In addition, keeping the flow of Qi circulating smoothly is an important aspect to maintaining a healthy liver. Committing to a regular exercise routine that doesn't over-stimulate the body is most suitable for this purpose. Yoga and Qi Gong are most supportive for circulating Qi without the side-effect of depleting your Liver's blood storage which occurs with more stimulating exercise that can burn-out an exhausted body. Furthermore, Meditation practice will calm your mind and body, as well as cool the heat in the Liver therefore reducing the irritability you may tend to feel during this season.

Clearing your body of toxins helps you cultivate greater clarity and a deeper connection to your intuition so that you can more easily harness your goals and desires.

Cleaning and clearing fosters renewal and rebirth and can have profound effects on your overall health and life.
 

Chiastolite: The Perfect Stone to Support Springtime Detoxification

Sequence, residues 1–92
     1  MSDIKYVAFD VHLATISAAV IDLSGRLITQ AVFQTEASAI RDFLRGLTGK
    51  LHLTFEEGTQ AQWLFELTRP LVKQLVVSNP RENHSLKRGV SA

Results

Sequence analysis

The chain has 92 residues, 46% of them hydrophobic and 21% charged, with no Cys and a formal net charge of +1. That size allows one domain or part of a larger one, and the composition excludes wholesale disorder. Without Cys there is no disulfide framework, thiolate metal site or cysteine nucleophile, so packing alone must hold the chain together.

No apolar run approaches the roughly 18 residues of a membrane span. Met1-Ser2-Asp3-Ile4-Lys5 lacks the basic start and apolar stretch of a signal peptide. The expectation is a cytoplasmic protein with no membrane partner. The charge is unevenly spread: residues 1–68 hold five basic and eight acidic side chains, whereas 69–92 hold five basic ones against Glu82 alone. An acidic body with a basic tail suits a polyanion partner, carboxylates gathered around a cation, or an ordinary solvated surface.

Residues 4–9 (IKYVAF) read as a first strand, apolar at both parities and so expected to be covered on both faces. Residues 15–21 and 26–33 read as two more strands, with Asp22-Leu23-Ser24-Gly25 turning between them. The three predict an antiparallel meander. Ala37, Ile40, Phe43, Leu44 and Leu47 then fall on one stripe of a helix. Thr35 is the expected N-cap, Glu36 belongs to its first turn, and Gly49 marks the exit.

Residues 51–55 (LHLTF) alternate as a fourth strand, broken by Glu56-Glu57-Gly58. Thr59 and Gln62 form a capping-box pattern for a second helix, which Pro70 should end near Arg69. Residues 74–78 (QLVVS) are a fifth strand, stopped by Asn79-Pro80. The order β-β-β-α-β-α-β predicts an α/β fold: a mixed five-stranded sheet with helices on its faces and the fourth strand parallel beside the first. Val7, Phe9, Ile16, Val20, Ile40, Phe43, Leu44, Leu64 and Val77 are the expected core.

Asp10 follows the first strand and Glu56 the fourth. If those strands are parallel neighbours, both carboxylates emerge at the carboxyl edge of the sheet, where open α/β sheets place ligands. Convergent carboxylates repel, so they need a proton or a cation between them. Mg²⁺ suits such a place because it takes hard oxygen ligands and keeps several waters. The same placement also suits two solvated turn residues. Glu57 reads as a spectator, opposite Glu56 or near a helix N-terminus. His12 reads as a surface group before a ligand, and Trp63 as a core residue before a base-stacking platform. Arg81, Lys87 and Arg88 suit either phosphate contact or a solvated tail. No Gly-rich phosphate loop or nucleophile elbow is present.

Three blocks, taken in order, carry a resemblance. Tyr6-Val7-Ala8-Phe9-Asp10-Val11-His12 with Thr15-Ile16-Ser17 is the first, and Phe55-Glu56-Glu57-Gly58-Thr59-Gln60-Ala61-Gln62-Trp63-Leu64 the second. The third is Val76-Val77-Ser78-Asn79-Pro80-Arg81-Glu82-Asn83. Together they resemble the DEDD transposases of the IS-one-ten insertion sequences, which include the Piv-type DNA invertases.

by Salvador Cefalu, M.S., L.Ac.

Chiastolite is a unique looking stone that has a cross in the center. The name derives from the Greek word chiastos meaning “cross marked.” In Chinese philosophy, the cross represents descension and ascension to make the connection between Heaven and Earth as we see in the Christian tradition as well. Wearing or holding Chiastolite can help you become more grounded as you connect with the spiritual aspects of life.

Since it contains lithium, Chiastolite can calm the emotions and help the Heart and Kidney connect so you feel on purpose in your life. It's therefore a very useful stone to use during meditation.

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Chiastolite is also a powerful protective stone that wards off negative energy and repels negativity rather than absorbs it.

In stone medicine, Chiastolite is very important to alkalize the body to reduce excess heat causing inflammation especially in the Liver.

Since Spring is the time for cleansing the Liver, Chiastolite can be taken in an elixir for a month or two for detoxification.

Chiastolite also contains chromium which makes it very beneficial for people with Syndrome X symptoms of high blood sugar, high cholesterol and hypertension as it can cleanse and break up blood stagnation in the arteries.